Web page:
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 Table of Contents    
Year : 2017  |  Volume : 83  |  Issue : 5  |  Page : 606-609

Dermatomyositis revealing both a metastatic linitis plastica and hepatitis C virus infection

Department of Dermatology, Mohammed VI University Hospital of Oujda, Medical School of Oujda, Mohammed First University of Oujda, Oujda, Morocco

Date of Web Publication20-Jul-2017

Correspondence Address:
Imane Alouani
Department of Dermatology, Mohammed VI University Hospital of Oujda, Oujda
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Source of Support: None, Conflict of Interest: None

DOI: 10.4103/ijdvl.IJDVL_697_16

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How to cite this article:
Alouani I, Fihmi N, Zizi N, Dikhaye S. Dermatomyositis revealing both a metastatic linitis plastica and hepatitis C virus infection. Indian J Dermatol Venereol Leprol 2017;83:606-9

How to cite this URL:
Alouani I, Fihmi N, Zizi N, Dikhaye S. Dermatomyositis revealing both a metastatic linitis plastica and hepatitis C virus infection. Indian J Dermatol Venereol Leprol [serial online] 2017 [cited 2021 Jan 20];83:606-9. Available from:


Dermatomyositis is a rare disease, characterized by an inflammatory myopathy and typical cutaneous lesions. Its relationship with cancer is well known.[1] However, its association with hepatitis C virus has rarely been reported in the literature.[2] We report a patient with dermatomyositis revealing a metastatic linitis plastica and hepatitis C virus infection.

An 80-year-old woman with no preceding history of autoimmune disease, malignancy or jaundice was admitted for a periorbital heliotrope rash [Figure 1] with muscle weakness. She reported having dysphagia with episodes of accidental liquid aspiration, including saliva. Physical examination revealed discrete erythematous papules overlying the interphalangeal joints (Gottron's papules) [Figure 2] and prominent periungual erythema with ragged cuticles (manicure sign) [Figure 3]. Manual muscle testing showed proximal muscle weakness (2/5 according to Medical Research Council Scale). Elevated serum muscle enzymes were observed with increased creatine kinase to 426 U/L (normal <170 U/L); the aspartate aminotransferase and lactic dehydrogenase levels were 87 and 546 U/L, respectively (normal aspartate aminotransferase <35 U/L and lactic dehydrogenase 190–400 U/L). Antinuclear antibody, anti-aminoacyl transfer ribonucleic acid synthetase, anti-signal recognition particle, anti-Mi-2 antibody and anti-PM/SCL antibody were all negative. The electromyography revealed proximal muscle-predominant myogenic change with fibrillation waves and abnormal low amplitude and short duration of motor unit action potential. The muscle biopsy showed perifascicular muscle atrophy associated with interstitial fibrosis and perivascular inflammatory cell collections [Figure 4], [Figure 5], [Figure 6]. Based on these findings and on Bohan and Peter's criteria (the five criteria are: symmetric proximal muscle weakness, elevation of serum skeletal muscle enzymes, the electromyographic triad, muscle biopsy abnormalities and typical skin rash of dermatomyositis), a diagnosis of dermatomyositis was made. The patient was started on prednisolone 2mg/kg/day, with improvement in her weakness and dysphagia. Intravenous immunoglobulin therapy was considered, but could not be administered due to financial constraints. Laboratory workup revealed positive hepatitis C antibody with a high titer: 815,000 IU/ml.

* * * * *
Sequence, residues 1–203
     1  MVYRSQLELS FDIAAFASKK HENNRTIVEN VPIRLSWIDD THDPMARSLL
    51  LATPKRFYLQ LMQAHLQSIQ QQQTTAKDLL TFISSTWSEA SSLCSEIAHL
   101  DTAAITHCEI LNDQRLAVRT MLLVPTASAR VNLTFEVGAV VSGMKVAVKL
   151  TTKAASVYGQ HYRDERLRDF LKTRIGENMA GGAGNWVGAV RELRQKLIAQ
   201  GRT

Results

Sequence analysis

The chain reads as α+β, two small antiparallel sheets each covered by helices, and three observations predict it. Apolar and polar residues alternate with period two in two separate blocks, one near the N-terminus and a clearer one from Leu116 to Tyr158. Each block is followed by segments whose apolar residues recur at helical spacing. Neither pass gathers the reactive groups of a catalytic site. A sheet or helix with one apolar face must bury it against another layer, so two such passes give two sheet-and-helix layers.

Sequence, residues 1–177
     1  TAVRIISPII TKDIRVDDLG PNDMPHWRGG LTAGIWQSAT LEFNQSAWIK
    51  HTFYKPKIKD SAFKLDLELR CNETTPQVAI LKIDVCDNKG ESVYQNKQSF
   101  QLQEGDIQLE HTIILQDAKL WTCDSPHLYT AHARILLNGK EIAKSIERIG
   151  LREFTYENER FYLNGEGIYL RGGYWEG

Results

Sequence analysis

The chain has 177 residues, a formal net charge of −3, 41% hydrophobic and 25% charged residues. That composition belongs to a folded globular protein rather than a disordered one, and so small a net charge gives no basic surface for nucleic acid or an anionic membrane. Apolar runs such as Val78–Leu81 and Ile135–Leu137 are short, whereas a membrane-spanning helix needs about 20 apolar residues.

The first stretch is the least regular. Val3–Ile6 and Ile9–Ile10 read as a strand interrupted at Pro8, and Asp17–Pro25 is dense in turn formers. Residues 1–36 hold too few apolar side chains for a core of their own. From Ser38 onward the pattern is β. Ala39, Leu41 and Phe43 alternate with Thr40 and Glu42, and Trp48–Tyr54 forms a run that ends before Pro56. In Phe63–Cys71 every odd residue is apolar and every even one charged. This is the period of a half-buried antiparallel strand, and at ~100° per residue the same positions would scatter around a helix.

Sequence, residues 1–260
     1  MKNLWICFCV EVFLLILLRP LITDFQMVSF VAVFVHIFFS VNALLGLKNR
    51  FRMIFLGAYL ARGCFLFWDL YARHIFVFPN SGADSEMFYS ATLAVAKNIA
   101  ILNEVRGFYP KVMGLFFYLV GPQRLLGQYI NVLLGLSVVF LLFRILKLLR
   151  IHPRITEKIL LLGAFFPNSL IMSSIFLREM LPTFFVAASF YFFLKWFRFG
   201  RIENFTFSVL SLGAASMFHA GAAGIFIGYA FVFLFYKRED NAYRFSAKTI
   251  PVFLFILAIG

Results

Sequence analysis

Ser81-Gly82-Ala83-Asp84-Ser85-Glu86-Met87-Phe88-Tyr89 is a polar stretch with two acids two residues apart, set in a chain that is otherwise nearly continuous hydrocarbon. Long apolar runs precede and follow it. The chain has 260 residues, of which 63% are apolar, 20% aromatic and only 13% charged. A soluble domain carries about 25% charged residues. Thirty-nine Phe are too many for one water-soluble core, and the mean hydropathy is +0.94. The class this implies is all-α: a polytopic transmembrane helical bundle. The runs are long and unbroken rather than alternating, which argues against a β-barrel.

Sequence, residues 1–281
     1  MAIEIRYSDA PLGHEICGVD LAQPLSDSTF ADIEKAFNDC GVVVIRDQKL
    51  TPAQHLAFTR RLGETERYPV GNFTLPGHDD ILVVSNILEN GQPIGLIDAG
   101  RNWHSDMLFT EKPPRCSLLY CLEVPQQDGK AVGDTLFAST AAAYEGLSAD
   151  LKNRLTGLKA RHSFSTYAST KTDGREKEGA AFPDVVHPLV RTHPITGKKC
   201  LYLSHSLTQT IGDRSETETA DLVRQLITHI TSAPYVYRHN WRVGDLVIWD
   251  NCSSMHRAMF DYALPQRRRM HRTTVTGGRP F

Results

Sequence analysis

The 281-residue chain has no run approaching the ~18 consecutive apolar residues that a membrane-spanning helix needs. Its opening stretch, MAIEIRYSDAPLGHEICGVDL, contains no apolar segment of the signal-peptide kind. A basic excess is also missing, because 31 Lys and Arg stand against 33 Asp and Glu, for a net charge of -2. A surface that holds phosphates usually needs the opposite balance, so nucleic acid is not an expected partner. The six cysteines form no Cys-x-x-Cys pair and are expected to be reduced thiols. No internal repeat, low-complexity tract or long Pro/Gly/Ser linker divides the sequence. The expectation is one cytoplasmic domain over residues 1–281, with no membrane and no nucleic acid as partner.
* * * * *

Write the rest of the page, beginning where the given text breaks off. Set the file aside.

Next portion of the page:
Figure 1: Periorbital heliotrope rash

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Figure 2: Gottron's papules on the left foot. Note the characteristic erythematous papules overlying the interphalangeal joints

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Figure 3: Prominent periungual erythema with ragged and painful cuticles on the right hand suggestive of manicure sign

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Figure 4: Muscle biopsy showing perifascicular muscle atrophy (Masson's Trichrome, ×100)

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Figure 5: Muscle biopsy showing interstitial fibrosis (Masson's Trichrome, ×200)

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Figure 6: Muscle biopsy showing perivascular inflammatory cell infiltrate (Masson's Trichrome, ×400)

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Cancer screening using thoracic, abdominal and pelvic computed tomography revealed metastatic lesions within the spine and the liver, ascites and peritoneal nodules [Figure 7]. Digestive endoscopy showed a macroscopically normal gastric mucosa. However, there was a malignant glandular proliferation of independent cells (signet ring cells) in the fibrous stroma histologically [Figure 8] and [Figure 9]. Due to the poor prognosis of her metastatic carcinoma (stage T4bN3M1), interferon-based therapy for her hepatitis C could not be started.
Figure 7: Abdominal computed tomography scan showing hypoattenuating lesions suggestive of liver metastases (arrows)